Kerry's forest ideas out of step with sound ecosystem management
dlemessurier at cox.net
Sat Jul 10 14:41:35 EST 2004
On Sat, 10 Jul 2004 17:52:56 GMT, brutus at u.com (Fresno Farms) wrote:
> On 9 Jul 2004, Larry Harrell:
>> (Lloyd Parker)
>> > (Larry Harrell) wrote:
>> > >So, now you wish to impose your "preservationism" onto private
>Sorry if this does not your Republican happy Hollywood movie
>expectations. It's a matter of accepting reality -- we fucked up,
>and Humpty Dumpty all over the place. The Republicans don't want
>to pay a dime to fix this, so that's what "Healthy Forests" is
>all about. I mean "don't want to pay a dime," in the context of
>say, a 10 to 20-year true repair job, where people actually have
>to be PAID [ EEK! ] to thin and to remove the understory fuel
>buildup, then, maintain it.
How the H... did forest restoration become a political issue in your
mind? Attacking the Healthy Forests act and the relevant rule changes
from a political point of view is assinine. Restoration either needs
to be done or it doesn't. The question is how do we fund it. It's not
"Don't do it because it's a Republican initiative". You're too angry
left. (And NO ONE should be proud of that!)
>> You're in
>> favor of letting historical sites burn? You're in favor of letting
>> recreational sites burn? Your in favor of letting watersheds that feed
>> domestic drinking water supplies burn? And, finally, you're in favor
>> of letting old growth, including Giant Sequoias, to burn at high
>See above. Unlike the Republican view, reality is not
>> Wildfire intensity CAN be mitigated by modern thinning and fuels
>> reduction projects. I've been there and done that and I even saw more
>> evidence TODAY! Many Bitterroot fires stopped when they came to
>Funny how things work when welfare is not involved, and people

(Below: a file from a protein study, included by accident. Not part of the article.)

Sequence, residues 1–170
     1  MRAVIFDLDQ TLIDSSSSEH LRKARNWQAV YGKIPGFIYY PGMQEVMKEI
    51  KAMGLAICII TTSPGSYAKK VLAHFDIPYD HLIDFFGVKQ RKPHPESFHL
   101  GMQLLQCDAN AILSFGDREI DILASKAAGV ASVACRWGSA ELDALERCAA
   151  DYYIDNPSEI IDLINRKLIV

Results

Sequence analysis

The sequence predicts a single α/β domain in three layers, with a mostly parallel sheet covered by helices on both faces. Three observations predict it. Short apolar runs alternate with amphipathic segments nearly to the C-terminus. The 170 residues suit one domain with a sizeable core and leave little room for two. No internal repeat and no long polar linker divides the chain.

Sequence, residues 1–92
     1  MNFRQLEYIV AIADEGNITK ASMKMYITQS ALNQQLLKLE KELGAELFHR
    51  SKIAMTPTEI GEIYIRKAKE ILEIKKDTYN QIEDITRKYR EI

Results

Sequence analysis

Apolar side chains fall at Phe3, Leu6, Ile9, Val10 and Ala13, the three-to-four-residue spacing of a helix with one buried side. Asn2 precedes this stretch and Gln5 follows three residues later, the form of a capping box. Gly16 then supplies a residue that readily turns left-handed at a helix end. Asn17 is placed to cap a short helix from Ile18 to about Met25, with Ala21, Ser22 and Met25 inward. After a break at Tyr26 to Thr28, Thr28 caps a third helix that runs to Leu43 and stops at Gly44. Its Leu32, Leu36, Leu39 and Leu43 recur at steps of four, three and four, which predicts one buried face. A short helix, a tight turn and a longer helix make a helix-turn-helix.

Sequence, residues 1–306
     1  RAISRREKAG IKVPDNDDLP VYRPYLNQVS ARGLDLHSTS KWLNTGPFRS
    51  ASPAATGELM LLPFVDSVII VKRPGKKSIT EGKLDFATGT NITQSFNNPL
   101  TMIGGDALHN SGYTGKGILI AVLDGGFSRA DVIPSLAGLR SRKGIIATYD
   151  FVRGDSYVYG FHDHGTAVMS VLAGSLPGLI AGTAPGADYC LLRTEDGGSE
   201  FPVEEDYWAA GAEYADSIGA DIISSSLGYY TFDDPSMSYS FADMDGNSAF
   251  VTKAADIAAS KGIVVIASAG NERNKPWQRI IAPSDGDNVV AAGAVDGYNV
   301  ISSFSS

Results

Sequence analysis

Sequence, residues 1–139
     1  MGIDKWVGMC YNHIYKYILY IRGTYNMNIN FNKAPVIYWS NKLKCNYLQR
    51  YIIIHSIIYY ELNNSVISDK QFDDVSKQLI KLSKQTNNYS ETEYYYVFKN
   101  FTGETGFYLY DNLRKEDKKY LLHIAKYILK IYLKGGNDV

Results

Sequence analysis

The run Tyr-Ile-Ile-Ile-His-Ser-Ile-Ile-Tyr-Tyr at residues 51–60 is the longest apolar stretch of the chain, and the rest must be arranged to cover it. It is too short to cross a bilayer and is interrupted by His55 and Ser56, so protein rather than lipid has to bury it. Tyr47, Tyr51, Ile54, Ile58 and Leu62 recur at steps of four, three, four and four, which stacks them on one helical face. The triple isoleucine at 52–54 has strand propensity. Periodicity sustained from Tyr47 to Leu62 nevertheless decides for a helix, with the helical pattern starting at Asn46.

>are willing to actually PAY to maintain something, isn't it?
>Perhaps you could explain this to the free lunch Republicans who
>squeeze America's public lands like a whore's tit?
>> > > You wish to preserve this
>> > >tinderbox and produce the "Perfect Firestorm"? By allowing these
>> > >massive fires to burn, you are actually allowing loggers to cut trees
>> > >that wouldn't be cut in a "green sale". "Healthy Forests" will NOT
>> > >make our forests fireproof but, it WILL increase their chances of
>> > >surviving the fire.
>Tell us how this would work in say, the San Bernardino National
>Forest, say, the hundreds of square miles all around Idyllwild,
>where the timber is highly uneconomic to remove.
>> > All it will increase is timber company profits.
>In fact, in the above scenario, as in much of the SW, where fire
>danger and fire danger to human values is highest, this
>suggestion is null. They would lose money to log it, which is
>largely why they are not. These people are freaking out, and
>right wing anti-enviro "Wise Use" is happy as hell as the rightly
>frightened locals flock to their meeting to hear about how it's
>all the enviro's fault.
>> That is so very childish, unoriginal and not completely untrue. What
>> else do we do with millions of excess trees?
>Burn them, wisely. But this too takes money.
Burn them? BURN THEM? Now that's stupid if you are talking about
controlled burns. Think Los Alamos.
>> How many mega-tons of CO2 would be put
>> into our air if we allowed 7 million acres to burn EVERY
>> How many more acres of Canada will be clearcut to feed our
>> voracious appetite for wood and paper products? Now who's thinking
>> globally and acting locally? If you've got the science, the money and
>> the lawyers, we'll see ya in court. (BTW, our winning percentage is
>> running pretty damn high right now <G> )
>Well, I'm quite sure your appeals to comic book reality and
>feelsgoodism is swallowed and tastes real fine to the free lunch
>Republicans. As you pont out, at the moment, you are holding the
>cards. The good news is, in this particular issue we are not
>losing a good solution, for none exists.
The forests, unlike the
>people at Idyllwill you are going to burn down, can wait.
Sorry, you are wrong. The scientists estimate that under current
conditions 50% of the forests in the West will burn in the next 25
years. So no, the forests can't wait.
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